What we found out is some of the most valuable information I can share with anybody. Even original paintings shift colors depending on the light sources they are viewed in. The pigment based inks in the Epson 9500 shift color even more drastically than a painting. By moving the original and the proof into various lighting conditions you can develop an understanding of what effect light will have on the image. As you make adjustments in color balance you will eventually reach a point where changing the light you view the proof in has less and less of an effect. When the proof reaches the point that the color shift is minimal. You will be done.

I know it would be nice to develop a very scientific way of reproducing a color match reliably. Understanding what different light does to pigment based ink is equally important. You have to see what different lighting does in order to develope an understanding of the process. You will learn which images will be easy to color correct and which images will still be somewhat of a challenge.

I would urge anybody who is doing serious color correction using a printer with pigment based ink to constantly check how the proof looks in various lighting situations. It will make it easy to identify which color is causing the problem. This will make for fewer adjustments, A smaller number of proofs and will save time and substrate. You will be able to produce a higher quality of print in a shorter period of time.

 
About Greg Governale
 
 

"My name is Greg Governale, I was born in Chicago Illinois in June of 1956. When I was ten years old our family moved to a small town about 30 mi. west of the city of Chicago called Hanover park .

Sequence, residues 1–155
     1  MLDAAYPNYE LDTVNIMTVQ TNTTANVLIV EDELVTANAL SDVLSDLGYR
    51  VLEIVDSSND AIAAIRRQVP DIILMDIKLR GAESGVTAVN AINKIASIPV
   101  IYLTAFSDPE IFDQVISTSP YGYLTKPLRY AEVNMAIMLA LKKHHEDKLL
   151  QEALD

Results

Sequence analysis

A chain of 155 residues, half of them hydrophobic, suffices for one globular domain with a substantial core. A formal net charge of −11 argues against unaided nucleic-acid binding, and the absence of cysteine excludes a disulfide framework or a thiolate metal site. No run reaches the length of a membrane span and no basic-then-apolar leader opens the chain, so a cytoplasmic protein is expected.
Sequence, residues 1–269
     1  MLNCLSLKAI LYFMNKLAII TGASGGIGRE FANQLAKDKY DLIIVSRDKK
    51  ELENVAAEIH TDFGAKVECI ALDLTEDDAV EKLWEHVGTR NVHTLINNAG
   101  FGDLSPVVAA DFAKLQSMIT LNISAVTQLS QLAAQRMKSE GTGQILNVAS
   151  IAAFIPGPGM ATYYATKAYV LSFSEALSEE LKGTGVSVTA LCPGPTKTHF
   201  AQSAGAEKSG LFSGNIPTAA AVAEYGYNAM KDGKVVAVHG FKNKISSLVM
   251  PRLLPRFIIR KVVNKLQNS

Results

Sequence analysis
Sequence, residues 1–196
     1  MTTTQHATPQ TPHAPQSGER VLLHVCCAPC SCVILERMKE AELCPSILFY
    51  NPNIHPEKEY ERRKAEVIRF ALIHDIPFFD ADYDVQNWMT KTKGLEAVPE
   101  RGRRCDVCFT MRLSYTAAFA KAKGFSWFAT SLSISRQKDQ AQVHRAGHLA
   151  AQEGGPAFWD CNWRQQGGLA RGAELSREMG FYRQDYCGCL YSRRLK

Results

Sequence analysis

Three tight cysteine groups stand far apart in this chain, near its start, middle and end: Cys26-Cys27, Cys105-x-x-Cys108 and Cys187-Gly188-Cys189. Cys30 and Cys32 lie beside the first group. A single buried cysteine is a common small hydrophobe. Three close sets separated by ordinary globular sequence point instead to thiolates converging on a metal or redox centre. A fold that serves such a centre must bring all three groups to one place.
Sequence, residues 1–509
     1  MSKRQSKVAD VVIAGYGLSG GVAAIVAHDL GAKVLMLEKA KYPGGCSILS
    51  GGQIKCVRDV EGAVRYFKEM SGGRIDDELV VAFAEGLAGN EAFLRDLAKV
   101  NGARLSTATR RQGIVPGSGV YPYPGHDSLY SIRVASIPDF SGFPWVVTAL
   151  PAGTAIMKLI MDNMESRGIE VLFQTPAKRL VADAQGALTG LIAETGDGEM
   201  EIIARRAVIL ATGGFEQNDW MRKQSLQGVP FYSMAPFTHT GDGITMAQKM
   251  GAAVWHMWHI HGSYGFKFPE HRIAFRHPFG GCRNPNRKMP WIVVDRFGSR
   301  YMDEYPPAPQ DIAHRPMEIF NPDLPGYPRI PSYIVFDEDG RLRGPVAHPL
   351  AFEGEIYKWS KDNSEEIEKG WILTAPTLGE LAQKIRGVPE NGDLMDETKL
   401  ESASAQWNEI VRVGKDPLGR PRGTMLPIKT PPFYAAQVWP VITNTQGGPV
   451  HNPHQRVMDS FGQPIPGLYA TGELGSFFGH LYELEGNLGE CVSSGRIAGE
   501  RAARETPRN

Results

Each summer we would take a family vacation, it was on these vacations that I developed an interest in capturing images of wildlife. As the years went by, my experience using a camera grew. I also accumulated a large number of images. Some were good, but most were not of professional quality.

A severe accident in 1974 left me disabled. I went through a series of operations that would totally change my life forever. I lost the use of my left hand and arm but in the process I developed a true understanding of what it means to be patient. Sitting in a blind for hours on end no longer bothers me. I have a degree in supermarket management. My physical limitations make it impossible for me to do my previous job.

I started out doing shows at local libraries and nature centers. The more shows I would do the more sales I would generate. Over the years I've developed an ever growing number of people who appreciate what I do.Bringing the printing of my images in house allows me to control every aspect of how my images are reproduced.

As we continue to over populate our planet, wild animals and truly wild places will continue to diminish. It is my hope that my images will somehow make people aware of the beauty and importance of wildlife, and encourage them to contribute to such conservation groups as the World Wildlife Fund, The Defenders of Wildlife, and National and International Wildlife. A portion of the money generated by each print I sell goes to the organization's mentioned above.

I currently live in Streamwood Illinois and go on three or four major trips each year. My trips are sometimes limited by my disability, however I will continue to pursue wildlife with great care keeping in mind my safety and the safety of the animals."